Table 2

Table 2

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Determining relevant areas

The mentoring relationship supports the nurse manager in building a leadership skill set. The foundational skill set and competencies needed to perform the nurse manager role can be found at work. The mission, vision, and values of the organization supply the building blocks to create goals for the mentoring relationship. Organizational strategic goals provide the opportunity for the nurse manager to recognize possible gaps in knowledge and competencies that support the overall success of the organization. The nurse manager's job description points to competencies that are essential for success and can become a focus of mentoring.

Based on the Nurse Manager Learning Domain Framework, the American Organization of Nurse Executives (AONE) Nurse Manager Competencies are the foundation for professional practice.8 The framework and accompanying Nurse Manager Skills Inventory were developed in a collaborative agreement between the AONE, the American Association of Critical-Care Nurses (AACN), and the Association of periOperative Registered Nurses.9 The framework encompasses three areas of nurse manager accountabilities: the science—managing the business, the art—leading the people, and the leader within—creating the leader in yourself. In order to be successful, the nurse manager should gain expertise in all three areas. See Table 3 for examples of competencies associated with the framework. Assessing all of the competencies with the Nurse Manager Inventory Tool can provide a gap analysis for deciding on the focus and goals of the mentoring relationship.

Table 3

Table 3

For career planning, the AONE's Nurse Executive Competencies are helpful in achieving awareness of the competencies required for director and CNO roles in healthcare organizations.10 The competency domains include communication and relationship management, knowledge of the healthcare environment, leadership, professionalism, and business skills and principles.

Formal nurse mentoring programs may be a key to successful nurse manager professional development. The AACN Healthy Work Environment authentic leadership standard supports this and is foundational to the mentoring relationship: “Nurse leaders must fully embrace the imperative of a healthy work environment, authentically live it, and engage others in its achievement.”11 Critical elements noted for the authentic leadership standard include healthcare organizations making a formal mentoring program available for all nurse leaders and nurse leaders actively engaging in the mentoring of nurses in all roles and levels of experience.11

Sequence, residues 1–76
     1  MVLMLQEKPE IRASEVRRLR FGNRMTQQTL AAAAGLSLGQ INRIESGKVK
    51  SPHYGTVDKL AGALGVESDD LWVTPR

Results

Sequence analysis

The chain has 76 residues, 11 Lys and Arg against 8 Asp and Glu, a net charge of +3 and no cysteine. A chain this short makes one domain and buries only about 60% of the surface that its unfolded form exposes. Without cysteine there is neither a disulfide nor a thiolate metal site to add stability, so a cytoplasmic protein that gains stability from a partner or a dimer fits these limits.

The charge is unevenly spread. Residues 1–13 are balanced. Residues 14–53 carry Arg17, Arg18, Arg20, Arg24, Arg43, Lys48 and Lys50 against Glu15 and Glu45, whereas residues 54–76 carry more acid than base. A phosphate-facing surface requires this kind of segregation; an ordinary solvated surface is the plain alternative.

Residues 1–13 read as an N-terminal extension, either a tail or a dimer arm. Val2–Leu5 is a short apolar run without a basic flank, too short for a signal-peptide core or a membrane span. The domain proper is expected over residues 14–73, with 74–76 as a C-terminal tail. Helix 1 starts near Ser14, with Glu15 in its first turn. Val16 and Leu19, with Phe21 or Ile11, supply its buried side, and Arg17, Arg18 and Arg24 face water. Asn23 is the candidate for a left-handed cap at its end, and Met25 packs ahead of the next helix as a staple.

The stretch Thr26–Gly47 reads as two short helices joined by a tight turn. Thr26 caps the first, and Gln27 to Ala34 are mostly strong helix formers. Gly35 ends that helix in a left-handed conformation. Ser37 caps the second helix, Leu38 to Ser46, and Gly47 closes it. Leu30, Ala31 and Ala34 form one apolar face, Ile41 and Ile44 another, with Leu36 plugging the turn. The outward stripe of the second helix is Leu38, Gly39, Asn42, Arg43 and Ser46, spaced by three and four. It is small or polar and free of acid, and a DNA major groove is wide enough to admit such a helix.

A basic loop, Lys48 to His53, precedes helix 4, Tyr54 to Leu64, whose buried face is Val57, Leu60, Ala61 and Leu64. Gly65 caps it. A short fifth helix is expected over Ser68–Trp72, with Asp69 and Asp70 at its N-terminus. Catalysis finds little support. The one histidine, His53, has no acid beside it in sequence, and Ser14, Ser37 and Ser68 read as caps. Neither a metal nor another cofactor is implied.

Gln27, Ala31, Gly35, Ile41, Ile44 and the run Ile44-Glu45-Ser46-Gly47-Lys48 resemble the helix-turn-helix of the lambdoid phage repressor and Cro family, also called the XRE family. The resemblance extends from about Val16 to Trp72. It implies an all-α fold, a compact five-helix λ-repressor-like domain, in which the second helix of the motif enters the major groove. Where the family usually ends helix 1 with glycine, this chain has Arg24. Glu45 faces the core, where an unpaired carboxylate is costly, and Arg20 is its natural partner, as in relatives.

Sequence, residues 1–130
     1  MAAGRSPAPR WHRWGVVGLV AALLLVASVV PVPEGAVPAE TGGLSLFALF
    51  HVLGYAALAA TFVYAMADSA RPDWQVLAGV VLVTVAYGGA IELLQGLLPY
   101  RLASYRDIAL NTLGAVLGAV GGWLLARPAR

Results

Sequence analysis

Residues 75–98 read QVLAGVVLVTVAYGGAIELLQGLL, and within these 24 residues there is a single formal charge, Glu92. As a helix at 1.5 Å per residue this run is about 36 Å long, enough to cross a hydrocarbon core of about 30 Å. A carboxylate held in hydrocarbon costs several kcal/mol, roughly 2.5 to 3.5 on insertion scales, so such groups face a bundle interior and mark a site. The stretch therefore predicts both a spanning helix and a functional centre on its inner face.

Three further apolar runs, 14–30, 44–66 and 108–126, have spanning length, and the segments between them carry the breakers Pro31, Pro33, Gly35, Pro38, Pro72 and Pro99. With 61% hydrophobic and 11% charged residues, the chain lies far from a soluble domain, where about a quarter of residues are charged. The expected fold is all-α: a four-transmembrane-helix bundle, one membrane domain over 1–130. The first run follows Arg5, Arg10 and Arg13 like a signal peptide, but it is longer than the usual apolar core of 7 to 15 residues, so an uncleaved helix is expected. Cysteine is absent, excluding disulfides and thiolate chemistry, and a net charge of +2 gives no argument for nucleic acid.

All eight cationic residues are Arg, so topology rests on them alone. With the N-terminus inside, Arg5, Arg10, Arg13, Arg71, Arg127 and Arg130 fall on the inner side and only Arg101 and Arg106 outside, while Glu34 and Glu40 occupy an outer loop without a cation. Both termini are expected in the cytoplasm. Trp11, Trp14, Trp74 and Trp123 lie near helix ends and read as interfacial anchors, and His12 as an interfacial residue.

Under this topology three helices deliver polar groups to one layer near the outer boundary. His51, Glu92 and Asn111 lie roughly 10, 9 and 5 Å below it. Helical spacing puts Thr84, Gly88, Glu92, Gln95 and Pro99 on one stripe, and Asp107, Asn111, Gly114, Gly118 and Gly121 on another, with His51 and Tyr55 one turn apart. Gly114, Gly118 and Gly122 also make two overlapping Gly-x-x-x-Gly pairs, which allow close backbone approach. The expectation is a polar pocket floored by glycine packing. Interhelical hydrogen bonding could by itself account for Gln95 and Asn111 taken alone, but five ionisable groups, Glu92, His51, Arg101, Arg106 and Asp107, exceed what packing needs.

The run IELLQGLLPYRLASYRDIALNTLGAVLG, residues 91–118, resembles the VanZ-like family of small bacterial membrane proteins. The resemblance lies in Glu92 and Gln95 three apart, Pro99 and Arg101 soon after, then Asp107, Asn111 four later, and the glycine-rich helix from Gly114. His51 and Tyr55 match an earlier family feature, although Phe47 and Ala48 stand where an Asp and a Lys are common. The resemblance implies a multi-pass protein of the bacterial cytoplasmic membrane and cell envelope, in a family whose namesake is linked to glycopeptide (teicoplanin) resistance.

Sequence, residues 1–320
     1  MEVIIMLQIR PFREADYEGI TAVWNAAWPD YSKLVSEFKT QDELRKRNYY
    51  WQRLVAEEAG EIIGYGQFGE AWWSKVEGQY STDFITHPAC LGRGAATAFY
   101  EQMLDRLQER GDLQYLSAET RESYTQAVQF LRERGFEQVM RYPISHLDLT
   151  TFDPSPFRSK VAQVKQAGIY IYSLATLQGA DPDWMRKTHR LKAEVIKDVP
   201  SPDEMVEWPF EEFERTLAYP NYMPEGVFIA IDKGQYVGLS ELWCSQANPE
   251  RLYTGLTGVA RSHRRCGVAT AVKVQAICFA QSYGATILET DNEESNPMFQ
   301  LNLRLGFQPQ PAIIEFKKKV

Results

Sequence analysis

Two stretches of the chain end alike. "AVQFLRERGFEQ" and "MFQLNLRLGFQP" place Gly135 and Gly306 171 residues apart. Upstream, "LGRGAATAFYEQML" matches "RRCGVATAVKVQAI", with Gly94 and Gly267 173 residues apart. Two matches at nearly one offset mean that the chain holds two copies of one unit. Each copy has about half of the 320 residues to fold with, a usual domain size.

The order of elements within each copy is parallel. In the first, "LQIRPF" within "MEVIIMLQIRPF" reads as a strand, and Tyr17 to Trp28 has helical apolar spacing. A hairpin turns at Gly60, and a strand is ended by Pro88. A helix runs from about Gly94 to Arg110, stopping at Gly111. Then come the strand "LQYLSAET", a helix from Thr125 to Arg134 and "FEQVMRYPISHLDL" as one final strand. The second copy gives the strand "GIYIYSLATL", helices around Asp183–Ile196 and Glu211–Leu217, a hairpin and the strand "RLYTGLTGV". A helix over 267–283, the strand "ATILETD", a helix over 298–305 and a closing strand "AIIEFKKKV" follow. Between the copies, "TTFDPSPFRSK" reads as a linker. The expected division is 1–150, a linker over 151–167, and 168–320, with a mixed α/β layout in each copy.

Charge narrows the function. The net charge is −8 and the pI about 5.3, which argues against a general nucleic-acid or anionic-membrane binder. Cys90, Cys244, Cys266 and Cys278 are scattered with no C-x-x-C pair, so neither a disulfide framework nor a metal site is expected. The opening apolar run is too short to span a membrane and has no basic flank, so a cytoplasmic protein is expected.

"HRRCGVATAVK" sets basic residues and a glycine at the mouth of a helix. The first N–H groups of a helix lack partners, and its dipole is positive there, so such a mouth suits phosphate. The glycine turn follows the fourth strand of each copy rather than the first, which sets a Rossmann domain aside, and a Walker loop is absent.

The current workplace, the competencies needed to support the organization's future vision, and professional accountability to national competencies and standards are the basis for which nurse managers can self-assess their assets and gaps in competencies. The awareness of need will lead to finding the right mentors and should be a first step in professional development.

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Finding your mentor

A key to effective mentoring is choosing the right person as a mentor in a particular area of need or interest. How do you find that person? One of the more obvious places to start is your current workplace; many competent mentors are easily accessible in our own organizations. Perhaps it's someone who you've always admired for his or her character and leadership abilities. For nurse managers, we often look for fellow nurses to serve as mentors. But other healthcare and hospital business professionals can be mentors, bringing a different perspective of the workplace.

For the nurse manager, mentoring can come from a variety of professional colleagues, supervisors, or senior directors. Widening the mentoring opportunity with more than one mentor allows for ample exposure to wisdom, advice, and support. Table 4 illustrates an example network that nurse managers may build for their overall professional development and career progression.

Table 4

Table 4

A quality mentor is a good listener with strong self-esteem; a positive outlook; excellent communication skills; and the ability to be open, honest, and authentic. An excellent mentor should support the protégé without taking charge. Having the same clinical background may or may not be one of the characteristics of the right mentor. However, making sure that the mentor has the time to invest in developing a relationship is important. Investing in others does take time, but it's often a rewarding professional activity.

If the goal is to improve specific skills or competencies, finding a mentor with coach qualities may be a consideration. Coaches are forward-looking, deliberate, and directed at expanding the potential growth of others' skill sets. Their focus is on the specific development of a skill or competency as they maintain objectivity and give behavior-based feedback. You'll need to find a person who has the ability to coach in the specific area needed or who may be certified as a coach.